Western Australia has been short-changed by $4 billion in the latest carve-up of GST revenue, says Treasurer Mike Nahan.
WA’s share of the $60.7 billion GST pool was increased from 3.3 per cent to 3.4 per cent, or up by $148 million to $2.04 billion.
NSW will get $17.6 billion.
The WA government complains that it is only getting about 30 cents for every $1 it generates, multiple times below most of the other states.
“Despite having a multi-billion dollar deficit, we have seen over $4 billion in GST revenue taken from this state and given to the other states all who are in surplus,” he told ABC radio.
“It comes down to base electoral politics … there are more seats swinging in South Australia and Tasmania than Western Australia.
“The West Australian government has seen the largest collapse in revenue of any state or any government in Australia since the Great Depression in the 1930s … I expected something better.”
However the collapse in iron ore, oil and gas prices that has hit resource-rich WA was also justified by the commission for the state’s modest take.
“While falls in commodity prices, particularly for iron ore, have reduced its capacity to raise mining royalties and increased its GST share, this has been more than offset by a fall in its share of national population growth, reducing its need to invest in new infrastructure,” it said.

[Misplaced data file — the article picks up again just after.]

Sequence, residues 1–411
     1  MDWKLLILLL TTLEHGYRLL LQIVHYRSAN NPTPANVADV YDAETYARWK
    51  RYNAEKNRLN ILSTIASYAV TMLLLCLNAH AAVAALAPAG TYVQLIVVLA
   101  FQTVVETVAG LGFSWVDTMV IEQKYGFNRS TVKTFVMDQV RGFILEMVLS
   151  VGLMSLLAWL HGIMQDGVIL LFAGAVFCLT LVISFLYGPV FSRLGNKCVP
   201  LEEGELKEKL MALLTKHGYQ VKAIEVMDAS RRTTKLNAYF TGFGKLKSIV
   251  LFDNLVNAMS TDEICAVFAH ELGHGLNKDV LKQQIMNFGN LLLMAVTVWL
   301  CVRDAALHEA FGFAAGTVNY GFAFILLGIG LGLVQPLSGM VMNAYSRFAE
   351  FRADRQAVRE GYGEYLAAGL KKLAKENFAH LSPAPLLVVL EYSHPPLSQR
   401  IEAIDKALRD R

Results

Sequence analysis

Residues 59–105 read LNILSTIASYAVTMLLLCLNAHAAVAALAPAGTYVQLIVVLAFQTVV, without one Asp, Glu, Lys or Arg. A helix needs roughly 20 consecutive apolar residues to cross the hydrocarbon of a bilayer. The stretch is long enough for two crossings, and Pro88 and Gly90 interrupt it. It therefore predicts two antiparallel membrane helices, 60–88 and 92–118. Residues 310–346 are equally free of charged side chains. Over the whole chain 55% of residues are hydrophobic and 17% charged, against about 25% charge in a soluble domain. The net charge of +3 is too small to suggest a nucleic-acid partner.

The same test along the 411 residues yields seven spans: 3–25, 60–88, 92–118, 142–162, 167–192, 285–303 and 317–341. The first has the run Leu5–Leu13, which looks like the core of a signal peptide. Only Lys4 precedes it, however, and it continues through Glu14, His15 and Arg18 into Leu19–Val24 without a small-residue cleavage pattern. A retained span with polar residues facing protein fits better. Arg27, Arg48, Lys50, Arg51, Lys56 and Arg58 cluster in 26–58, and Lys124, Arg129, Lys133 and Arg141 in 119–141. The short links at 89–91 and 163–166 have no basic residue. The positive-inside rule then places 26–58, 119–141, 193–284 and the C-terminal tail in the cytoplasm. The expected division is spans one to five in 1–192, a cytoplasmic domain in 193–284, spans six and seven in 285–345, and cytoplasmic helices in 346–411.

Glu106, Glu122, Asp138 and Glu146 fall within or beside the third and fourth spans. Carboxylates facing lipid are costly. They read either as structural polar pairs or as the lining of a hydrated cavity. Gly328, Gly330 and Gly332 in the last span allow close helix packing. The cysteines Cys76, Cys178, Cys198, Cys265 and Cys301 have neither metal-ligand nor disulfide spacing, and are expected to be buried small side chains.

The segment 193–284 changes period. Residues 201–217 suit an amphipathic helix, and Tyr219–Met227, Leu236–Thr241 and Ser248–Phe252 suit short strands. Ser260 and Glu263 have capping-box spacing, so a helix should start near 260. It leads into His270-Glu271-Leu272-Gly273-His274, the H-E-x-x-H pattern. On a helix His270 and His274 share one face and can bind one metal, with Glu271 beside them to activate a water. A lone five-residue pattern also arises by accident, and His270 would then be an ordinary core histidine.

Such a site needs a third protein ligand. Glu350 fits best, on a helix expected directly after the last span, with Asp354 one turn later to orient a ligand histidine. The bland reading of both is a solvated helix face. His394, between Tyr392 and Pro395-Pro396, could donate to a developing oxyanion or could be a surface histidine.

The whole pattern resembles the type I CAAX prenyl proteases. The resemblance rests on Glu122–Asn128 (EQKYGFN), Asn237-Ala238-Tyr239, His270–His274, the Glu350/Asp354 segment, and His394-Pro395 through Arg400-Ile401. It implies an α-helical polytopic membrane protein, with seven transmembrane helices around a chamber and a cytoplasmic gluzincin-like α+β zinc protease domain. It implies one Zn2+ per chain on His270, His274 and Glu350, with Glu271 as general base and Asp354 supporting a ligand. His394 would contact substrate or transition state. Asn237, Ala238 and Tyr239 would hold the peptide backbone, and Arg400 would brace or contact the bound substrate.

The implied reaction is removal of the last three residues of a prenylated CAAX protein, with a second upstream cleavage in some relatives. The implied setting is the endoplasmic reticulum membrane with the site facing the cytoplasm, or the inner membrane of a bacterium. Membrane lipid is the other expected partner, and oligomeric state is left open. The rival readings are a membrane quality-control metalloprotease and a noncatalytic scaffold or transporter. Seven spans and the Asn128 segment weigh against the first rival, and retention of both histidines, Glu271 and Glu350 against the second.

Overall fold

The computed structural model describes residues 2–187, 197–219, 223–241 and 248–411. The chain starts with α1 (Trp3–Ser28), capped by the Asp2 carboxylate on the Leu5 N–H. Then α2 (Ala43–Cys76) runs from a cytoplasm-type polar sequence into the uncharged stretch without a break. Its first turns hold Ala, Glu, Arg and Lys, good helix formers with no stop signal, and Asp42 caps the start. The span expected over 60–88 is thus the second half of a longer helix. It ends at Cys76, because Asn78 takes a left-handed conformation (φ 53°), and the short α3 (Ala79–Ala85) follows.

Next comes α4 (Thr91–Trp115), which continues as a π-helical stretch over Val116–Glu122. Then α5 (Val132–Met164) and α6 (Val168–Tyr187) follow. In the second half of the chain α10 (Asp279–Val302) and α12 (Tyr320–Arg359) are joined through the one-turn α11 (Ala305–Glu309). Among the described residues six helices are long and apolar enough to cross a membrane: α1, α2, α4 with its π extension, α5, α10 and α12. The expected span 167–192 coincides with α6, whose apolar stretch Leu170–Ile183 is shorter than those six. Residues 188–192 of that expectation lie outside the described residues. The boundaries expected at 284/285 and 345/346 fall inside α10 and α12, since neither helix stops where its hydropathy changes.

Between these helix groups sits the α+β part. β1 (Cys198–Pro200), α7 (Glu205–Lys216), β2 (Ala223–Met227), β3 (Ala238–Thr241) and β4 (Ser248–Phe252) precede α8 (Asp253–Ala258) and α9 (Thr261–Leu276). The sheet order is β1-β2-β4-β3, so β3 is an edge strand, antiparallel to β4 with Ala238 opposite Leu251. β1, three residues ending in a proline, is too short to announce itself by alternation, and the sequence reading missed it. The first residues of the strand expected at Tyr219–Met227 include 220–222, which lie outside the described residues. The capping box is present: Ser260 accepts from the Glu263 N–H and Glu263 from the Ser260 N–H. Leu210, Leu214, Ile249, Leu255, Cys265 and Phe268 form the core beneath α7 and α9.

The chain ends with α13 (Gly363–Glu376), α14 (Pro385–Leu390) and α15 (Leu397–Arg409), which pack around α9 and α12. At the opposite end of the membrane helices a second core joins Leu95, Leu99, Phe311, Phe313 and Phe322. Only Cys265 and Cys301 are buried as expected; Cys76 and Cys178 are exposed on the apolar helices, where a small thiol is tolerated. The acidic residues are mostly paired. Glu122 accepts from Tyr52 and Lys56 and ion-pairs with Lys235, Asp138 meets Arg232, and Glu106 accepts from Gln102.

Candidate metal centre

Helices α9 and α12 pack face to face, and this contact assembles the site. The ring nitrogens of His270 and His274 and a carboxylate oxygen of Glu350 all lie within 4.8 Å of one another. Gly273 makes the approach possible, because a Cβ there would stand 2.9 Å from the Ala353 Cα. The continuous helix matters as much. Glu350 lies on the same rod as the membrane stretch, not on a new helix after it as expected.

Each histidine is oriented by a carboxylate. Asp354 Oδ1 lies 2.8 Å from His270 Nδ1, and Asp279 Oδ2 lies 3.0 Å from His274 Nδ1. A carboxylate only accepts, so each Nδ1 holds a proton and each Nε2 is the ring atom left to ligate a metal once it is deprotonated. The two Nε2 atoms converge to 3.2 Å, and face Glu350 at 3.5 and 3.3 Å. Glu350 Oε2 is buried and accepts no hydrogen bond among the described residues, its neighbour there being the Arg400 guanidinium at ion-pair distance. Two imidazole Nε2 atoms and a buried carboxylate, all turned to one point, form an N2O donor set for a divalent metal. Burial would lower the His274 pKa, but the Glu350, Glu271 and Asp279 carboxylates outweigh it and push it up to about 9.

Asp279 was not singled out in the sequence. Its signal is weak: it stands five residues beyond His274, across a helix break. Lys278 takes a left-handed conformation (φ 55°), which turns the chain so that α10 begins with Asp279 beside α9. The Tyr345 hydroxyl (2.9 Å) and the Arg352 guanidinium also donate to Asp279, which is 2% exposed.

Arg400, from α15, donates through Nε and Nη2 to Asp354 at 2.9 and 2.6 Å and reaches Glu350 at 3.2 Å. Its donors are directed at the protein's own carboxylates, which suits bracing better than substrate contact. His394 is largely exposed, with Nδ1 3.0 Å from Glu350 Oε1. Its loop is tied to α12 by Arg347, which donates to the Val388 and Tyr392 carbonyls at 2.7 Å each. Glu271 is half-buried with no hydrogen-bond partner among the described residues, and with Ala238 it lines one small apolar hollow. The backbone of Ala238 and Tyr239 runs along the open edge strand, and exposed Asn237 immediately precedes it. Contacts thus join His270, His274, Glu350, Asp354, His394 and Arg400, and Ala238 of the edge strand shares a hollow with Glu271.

The WA government had asked for North West Shelf oil and gas money to be shielded for it, providing a $4 billion improvement over the next few years.
WA opposition treasury spokesman Ben Wyatt said the Liberal state government had been complaining but it was understandable the federal government didn’t want to “bail out” WA after a period of high spending.
“It’s finally time for the Barnett government to understand they are responsible for the finances.
“For eight years, the Barnett government has spent money that they wished they had, not the money that they actually had – that’s why we have record debt, that’s why we have record deficit.”